I was just here three weeks ago and it didn’t look anything like this. Everything is covered in a fluffy algal fur. The angulated lines of the rocks that make up this rapid are softened and billow in the flow. The fast moving water mashes the algae to the boulders and form a mosaic of quarter sized green and brown patches that quiver in the current. If I didn’t know I was in Deer Creek, I could easily mistake my surroundings for another planet, it looks so alien.
This is a normal seasonal progression for our streams. We see an explosion of algal growth when the balance of nutrients, sunlight and grazing is thrown off center with autumn leaf fall, and colder temperatures. Deciduous trees drop their leaves each fall and many of them end up in streams. This increases the amount of sunlight reaching our streams and increases the amount of nutrients in our creeks, which create conditions excellent for an explosion of algal growth. At the same time, temperatures drop, and algae grazing insets reduce their activity, so the streams control mechanism of excess algal growth stalls. The system gets temporarily off balance, algae cover everything, and our rivers get furry.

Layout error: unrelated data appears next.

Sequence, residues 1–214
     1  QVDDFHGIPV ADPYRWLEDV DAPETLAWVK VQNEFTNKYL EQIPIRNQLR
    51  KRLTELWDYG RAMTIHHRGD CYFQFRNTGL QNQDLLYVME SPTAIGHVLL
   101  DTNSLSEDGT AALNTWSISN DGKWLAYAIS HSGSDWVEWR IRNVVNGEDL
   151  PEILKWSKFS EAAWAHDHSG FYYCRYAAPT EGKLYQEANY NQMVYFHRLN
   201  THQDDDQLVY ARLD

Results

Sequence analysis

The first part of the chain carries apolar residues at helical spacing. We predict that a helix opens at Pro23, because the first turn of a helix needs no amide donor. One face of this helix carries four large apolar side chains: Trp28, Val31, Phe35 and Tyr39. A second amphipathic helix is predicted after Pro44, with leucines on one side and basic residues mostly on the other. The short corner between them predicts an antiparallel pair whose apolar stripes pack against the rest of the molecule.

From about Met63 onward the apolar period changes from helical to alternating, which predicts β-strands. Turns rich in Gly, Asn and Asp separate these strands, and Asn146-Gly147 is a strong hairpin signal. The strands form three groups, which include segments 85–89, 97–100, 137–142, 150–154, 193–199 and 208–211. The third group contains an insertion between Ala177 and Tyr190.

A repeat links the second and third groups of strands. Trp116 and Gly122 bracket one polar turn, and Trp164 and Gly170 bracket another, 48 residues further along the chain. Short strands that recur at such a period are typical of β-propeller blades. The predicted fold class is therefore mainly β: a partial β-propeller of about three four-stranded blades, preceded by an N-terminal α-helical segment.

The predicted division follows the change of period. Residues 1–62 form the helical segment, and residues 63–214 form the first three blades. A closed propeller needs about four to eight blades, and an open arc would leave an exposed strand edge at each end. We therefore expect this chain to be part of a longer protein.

We are familiar with the terrestrial passage of the seasons, and maybe take how life responds to changes in sunlight intensity, which affects temperatures, for granted. It is a more pronounced change in our streams because we don’t live there. Even though streams are familiar, their underwater views are foreign so changes appear less subtle, more dramatic and more easily noticed. What most people don’t recognize, and I often forget, is that streams have seasons too.
Time goes on, and seasons come and go, even in our rivers and streams. I feel fortunate to watch the underwater seasons pass, generally in step with and definitely linked to the terrestrial ones, which ultimately are affected by cosmic events. But the underwater seasons of our rivers and streams are unique in how they present, and I get to witness the otherworldly seasonal progression.